Here are a few basic features you may want to assess with your loaner phone(s):
- Handset and speakerphone voice quality
- 3-way or 5-way calling and conferencing
- Making blind and attended transfers
- Basic calling features such as mute, hold, call forwarding, and redial
- Setting up Busy Lamp Field (BLF) and assigning softkeys
- Adding new lines and accounts
- Listening to and accessing voicemail messages
If you're having trouble with basic phone functionality, such as transferring or holding a call, extension dialing, or speakerphone static, contact the provider's support team for help. You want to make sure the issue is not related to an improper phone system setting before assuming there is a problem with phone itself. If there is a problem with the actual phone, ask the provider to send you a different device.
VoIP Loaner Phone FAQs
Q: Why can't I use my current business phones to test VoIP?
If you're coming to VoIP from a non-VoIP provider, you should definitely request a loaner phone. Landline phones can't access the Internet, because they make calls through copper wires, and hence can't be used with a VoIP service.
You'll need an Internet enabled phone - an IP phone - to access VoIP services. Design-wise, IP deskphones look very similar to landline phones. They use the same dialpad, have similar handsets, and boast many of the same functions.
Even if you already use VoIP, you may need to employ loaner phones. Some VoIP services use proprietary "locked" phones that you can't use with other services. In that case, your VoIP phones won't work with the new service you're trialing.
Q: Which phone models should I request?
The differences between phone models within a brand's specific line may not be significant (e.g. Polycom VVX 300 vs 301), but differences between brands can be. Ideally you want to test loaner phones that will eventually be the models you deploy and use at the office. Trying a fancy videophone well out of your price range makes no sense.
Your VoIP provider can provide recommendations based on their experience with other customers on what phones have worked for businesses like yours. For more information on leading VoIP phones, visit our VoIP Phone Review section and download our Top Business Phones Guide.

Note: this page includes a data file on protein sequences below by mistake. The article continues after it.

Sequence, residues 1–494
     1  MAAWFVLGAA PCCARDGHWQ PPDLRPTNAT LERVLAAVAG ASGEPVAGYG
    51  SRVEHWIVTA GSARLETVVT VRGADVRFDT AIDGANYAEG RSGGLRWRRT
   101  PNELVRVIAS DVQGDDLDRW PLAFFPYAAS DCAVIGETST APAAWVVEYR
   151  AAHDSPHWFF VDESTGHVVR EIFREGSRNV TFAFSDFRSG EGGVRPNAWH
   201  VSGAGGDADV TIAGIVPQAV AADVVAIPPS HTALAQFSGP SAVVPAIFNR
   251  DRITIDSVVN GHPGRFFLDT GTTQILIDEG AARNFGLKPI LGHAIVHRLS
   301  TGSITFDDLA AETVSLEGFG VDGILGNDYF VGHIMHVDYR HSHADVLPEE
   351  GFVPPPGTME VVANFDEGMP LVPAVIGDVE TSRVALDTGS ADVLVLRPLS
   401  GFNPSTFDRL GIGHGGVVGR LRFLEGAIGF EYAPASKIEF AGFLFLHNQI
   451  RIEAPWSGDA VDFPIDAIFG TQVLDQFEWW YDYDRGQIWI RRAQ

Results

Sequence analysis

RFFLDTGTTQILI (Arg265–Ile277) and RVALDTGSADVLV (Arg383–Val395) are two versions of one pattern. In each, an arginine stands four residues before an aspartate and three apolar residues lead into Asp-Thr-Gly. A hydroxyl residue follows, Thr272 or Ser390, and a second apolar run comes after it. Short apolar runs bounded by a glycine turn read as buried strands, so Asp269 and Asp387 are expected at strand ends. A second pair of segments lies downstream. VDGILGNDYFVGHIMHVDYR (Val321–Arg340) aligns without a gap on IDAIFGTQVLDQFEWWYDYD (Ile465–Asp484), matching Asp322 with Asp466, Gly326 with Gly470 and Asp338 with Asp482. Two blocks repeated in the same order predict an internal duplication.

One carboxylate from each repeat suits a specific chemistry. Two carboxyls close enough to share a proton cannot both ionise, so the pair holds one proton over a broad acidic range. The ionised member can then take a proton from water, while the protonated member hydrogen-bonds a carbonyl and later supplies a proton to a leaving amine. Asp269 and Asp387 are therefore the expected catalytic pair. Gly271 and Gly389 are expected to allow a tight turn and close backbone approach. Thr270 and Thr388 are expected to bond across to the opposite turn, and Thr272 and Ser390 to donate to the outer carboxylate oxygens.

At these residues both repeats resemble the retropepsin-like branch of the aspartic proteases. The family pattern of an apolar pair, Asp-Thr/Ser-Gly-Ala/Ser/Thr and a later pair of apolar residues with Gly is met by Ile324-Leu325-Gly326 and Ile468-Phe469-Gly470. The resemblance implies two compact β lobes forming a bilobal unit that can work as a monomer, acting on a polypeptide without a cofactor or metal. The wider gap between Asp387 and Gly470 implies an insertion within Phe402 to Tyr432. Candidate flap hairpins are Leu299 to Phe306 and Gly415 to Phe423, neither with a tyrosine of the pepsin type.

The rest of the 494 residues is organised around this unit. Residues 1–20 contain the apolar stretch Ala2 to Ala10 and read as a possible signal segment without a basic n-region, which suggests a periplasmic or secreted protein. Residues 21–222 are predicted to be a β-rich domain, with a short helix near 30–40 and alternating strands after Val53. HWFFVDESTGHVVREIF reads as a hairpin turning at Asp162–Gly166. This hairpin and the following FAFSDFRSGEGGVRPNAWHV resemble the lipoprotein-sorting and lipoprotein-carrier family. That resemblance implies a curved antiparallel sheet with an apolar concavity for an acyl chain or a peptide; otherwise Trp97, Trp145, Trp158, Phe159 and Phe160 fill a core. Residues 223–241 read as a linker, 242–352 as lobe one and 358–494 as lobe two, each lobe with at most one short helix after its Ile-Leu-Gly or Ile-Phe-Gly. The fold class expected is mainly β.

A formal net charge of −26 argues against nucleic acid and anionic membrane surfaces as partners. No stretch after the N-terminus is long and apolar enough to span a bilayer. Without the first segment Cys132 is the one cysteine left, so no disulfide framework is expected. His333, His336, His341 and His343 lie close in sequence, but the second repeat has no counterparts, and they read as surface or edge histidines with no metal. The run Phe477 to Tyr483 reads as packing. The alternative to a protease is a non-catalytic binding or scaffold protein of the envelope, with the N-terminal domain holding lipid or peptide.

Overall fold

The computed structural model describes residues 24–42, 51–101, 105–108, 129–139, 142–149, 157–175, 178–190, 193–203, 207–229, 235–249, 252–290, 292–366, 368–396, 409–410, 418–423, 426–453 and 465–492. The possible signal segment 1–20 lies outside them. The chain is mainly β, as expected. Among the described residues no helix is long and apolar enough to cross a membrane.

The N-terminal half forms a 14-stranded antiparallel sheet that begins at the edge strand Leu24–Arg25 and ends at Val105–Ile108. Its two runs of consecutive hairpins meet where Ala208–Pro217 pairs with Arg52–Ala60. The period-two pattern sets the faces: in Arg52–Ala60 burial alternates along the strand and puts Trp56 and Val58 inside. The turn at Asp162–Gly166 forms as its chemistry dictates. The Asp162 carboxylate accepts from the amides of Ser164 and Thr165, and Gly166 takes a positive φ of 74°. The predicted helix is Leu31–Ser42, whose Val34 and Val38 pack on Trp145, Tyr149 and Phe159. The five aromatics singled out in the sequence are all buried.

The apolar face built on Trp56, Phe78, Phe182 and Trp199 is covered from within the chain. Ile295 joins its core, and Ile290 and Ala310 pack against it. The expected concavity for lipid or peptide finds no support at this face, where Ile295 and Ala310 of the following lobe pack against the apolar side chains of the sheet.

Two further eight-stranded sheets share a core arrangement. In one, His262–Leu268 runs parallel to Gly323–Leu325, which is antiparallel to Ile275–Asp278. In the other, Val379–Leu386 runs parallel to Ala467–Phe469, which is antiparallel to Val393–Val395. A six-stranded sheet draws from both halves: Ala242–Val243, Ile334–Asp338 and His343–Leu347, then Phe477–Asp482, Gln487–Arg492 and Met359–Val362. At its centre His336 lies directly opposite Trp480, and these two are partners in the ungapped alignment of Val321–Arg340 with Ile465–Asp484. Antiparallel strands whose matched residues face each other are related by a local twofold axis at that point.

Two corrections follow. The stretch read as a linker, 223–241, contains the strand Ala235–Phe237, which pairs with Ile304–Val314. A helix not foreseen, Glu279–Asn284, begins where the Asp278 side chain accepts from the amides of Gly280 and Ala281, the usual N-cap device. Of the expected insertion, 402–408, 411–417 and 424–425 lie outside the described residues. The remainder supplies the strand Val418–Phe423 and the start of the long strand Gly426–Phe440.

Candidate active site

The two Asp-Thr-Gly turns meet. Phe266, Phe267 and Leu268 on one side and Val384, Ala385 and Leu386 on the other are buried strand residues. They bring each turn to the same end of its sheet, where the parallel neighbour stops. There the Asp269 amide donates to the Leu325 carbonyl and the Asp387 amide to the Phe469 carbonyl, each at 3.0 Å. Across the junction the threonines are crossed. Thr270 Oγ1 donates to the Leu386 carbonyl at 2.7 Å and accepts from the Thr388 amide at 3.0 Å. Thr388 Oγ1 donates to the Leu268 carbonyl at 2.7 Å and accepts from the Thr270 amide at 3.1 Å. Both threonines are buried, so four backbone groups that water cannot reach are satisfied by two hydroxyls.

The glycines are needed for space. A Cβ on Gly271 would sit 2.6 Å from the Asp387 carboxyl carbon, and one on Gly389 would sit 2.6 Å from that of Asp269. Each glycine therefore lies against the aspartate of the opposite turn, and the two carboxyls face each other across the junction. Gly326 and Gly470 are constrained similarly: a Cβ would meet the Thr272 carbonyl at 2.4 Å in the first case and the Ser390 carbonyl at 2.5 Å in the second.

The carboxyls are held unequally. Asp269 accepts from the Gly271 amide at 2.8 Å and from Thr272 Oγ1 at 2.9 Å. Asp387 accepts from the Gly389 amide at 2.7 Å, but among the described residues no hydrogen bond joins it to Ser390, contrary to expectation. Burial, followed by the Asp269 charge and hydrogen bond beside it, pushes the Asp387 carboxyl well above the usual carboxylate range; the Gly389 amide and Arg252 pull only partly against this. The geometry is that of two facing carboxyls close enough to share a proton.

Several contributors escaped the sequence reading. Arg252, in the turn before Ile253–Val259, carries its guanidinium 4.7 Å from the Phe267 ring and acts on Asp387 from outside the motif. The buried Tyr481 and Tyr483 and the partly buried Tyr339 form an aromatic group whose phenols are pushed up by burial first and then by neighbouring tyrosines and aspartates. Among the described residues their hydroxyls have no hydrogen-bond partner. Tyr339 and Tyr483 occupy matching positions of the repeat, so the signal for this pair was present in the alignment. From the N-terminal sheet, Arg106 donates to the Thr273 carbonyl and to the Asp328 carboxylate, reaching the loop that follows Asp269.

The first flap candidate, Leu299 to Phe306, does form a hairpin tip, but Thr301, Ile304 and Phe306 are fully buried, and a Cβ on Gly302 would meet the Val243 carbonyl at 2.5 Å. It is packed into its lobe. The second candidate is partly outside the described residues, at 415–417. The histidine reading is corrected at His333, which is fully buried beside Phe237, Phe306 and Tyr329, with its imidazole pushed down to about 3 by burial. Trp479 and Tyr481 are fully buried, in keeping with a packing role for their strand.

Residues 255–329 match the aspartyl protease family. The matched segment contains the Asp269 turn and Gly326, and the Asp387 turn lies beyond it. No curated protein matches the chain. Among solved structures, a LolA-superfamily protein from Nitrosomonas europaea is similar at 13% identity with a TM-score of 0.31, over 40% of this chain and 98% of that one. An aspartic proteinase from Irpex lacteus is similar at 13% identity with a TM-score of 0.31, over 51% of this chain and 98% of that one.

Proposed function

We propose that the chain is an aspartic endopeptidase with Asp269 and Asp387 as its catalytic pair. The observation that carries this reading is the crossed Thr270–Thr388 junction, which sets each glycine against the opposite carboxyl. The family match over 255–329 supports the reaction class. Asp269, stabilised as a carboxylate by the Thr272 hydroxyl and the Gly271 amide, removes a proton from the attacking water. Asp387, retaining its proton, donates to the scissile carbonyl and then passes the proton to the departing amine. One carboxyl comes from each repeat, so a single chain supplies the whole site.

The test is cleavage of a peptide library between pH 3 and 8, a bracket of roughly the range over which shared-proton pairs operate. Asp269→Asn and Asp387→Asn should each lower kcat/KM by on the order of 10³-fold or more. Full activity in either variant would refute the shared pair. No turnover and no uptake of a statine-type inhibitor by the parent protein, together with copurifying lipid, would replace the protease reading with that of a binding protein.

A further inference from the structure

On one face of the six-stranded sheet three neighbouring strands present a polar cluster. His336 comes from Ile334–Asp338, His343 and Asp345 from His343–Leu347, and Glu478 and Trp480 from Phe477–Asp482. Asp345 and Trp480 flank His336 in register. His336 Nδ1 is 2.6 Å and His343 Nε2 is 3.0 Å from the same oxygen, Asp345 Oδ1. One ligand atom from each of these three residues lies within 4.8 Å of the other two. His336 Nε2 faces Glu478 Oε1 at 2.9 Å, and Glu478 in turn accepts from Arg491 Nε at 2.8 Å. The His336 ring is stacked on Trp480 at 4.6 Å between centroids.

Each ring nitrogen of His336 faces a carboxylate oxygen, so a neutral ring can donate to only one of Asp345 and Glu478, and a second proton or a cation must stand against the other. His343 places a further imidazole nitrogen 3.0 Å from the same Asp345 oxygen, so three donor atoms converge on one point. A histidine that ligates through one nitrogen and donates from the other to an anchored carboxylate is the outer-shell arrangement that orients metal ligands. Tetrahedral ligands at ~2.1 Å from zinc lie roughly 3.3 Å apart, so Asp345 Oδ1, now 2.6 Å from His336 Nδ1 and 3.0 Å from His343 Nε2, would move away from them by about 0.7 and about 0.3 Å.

Q: What if the VoIP provider doesn't have the phone I want?
Providers that offer loaner phone programs should have a suitable phone for your business. However, if you have a specific phone in mind that is unavailable for loan but compatible with the VoIP service, you can try ordering it from Amazon and returning the undamaged device within 30 days for a full refund.
Test your phones for an easier business VoIP trial
When your VoIP trial period is over, you'll have to decide if you want to become a paying customer with the service. If you do become a paying customer, the service provider might allow you to keep the loaner phones, free of charge. If you do not become a customer, you'll have to return the phones. Practices vary, but providers will typically pay the return cost of shipping.
Requesting loaner test phones is a convenient way to test out certain calling features and call quality before making a commitment to a VoIP provider. By removing the cost of buying a new phone, and using one that the company is already familiar with, you will have a better idea of whether or not a VoIP phone system is suitable for your business.